176 IVORAKS‘ -1.v1» Z);l YS.

not dictated to; who in their consciousness of de- serving success constantly slight the ordinary means of attaining it; who have self-existence and self- help ; who are suffered to be themselves in society ; who are great in the present ; who have no talents, or care not t0 have them, being that which was before talent, and shall be after it, and of which talent seems only a tool: this is character, the highest name at which philosophy has arrived.

'T is not important how the hero does this or this, but what he is. “That he is will appear in every gesture and syllable. In this way the moment and the character are one.

It is a fine fable for the advantage of character over talent, the (trawl; legend of the strife of Jove and Plnebus.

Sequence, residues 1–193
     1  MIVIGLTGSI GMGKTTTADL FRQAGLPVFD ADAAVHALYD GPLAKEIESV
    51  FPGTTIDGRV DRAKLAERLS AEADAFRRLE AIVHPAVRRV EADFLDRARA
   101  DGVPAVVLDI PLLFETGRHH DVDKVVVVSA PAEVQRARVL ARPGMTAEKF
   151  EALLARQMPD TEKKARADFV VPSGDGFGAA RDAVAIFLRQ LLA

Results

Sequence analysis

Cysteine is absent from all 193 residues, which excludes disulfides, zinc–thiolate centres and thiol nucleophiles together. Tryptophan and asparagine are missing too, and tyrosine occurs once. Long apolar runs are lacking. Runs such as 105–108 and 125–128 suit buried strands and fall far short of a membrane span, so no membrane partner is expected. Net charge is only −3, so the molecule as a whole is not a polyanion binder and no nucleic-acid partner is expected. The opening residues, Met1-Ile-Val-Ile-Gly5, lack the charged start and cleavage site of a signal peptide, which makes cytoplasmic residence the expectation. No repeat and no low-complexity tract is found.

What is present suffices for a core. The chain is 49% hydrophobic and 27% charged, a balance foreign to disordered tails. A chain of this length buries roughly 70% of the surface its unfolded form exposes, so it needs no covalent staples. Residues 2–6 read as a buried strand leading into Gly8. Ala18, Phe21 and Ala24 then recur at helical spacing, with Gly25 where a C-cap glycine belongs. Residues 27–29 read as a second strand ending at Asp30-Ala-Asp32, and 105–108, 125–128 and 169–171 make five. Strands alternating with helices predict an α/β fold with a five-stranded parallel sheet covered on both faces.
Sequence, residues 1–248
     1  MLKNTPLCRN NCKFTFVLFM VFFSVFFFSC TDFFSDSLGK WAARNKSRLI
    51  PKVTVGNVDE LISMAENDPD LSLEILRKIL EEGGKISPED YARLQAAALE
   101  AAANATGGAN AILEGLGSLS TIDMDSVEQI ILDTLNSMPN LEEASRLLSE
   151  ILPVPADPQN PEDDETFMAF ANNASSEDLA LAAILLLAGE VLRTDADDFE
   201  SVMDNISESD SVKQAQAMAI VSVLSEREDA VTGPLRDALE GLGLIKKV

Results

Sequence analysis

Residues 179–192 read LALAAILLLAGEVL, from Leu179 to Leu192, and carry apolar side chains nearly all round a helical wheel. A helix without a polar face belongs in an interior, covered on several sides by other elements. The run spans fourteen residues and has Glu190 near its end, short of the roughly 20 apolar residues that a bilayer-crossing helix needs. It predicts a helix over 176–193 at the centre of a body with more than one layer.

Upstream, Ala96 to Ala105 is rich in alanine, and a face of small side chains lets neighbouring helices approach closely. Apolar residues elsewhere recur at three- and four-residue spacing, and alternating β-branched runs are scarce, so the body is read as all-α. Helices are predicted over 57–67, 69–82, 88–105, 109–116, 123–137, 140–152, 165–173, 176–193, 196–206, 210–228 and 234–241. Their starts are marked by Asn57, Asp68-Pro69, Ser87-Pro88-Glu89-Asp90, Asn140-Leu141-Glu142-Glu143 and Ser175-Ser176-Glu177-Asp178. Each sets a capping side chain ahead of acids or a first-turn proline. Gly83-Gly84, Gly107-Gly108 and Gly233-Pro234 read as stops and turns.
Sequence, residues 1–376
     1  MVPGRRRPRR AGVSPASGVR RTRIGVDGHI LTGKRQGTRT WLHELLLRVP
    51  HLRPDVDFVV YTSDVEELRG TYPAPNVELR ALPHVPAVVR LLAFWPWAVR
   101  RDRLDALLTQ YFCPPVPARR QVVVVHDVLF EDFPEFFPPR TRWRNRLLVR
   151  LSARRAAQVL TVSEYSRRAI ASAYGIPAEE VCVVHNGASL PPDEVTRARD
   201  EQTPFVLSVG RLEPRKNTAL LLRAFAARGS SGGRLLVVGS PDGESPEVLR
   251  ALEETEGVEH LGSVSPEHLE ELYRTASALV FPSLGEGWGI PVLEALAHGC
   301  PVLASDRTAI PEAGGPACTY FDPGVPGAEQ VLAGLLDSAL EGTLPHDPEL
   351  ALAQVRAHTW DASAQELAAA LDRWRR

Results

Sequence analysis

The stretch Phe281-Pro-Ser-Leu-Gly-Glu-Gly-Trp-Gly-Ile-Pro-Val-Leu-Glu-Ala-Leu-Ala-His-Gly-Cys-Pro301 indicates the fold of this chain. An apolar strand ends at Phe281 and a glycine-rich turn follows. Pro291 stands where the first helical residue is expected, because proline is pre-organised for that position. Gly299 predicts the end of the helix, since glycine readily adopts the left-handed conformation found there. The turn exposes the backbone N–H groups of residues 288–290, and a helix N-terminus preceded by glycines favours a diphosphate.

said, “iho will outshoot the far-darting" Apollo?”

Phmbus challenged the gods, and

Zeus said, " I will.“ hlars shook the lots in his helmet. and that of Apollo leaped out first. Apollo stretched his bow and shot his arrow into the ex- treme west. Then Zeus arose, and with one stride cleared the whole distance, and said, “There shall I shoot I’ there is no space left.” So the bowman’s prize was adjudged to him who (lrexv no bow.

And this is tl1e progress of QV61‘_Y earnest mind; from the works of man and the activity of the hands to a delight in the faculties which rule them ;

from a respect to the works to a wise wonder at this

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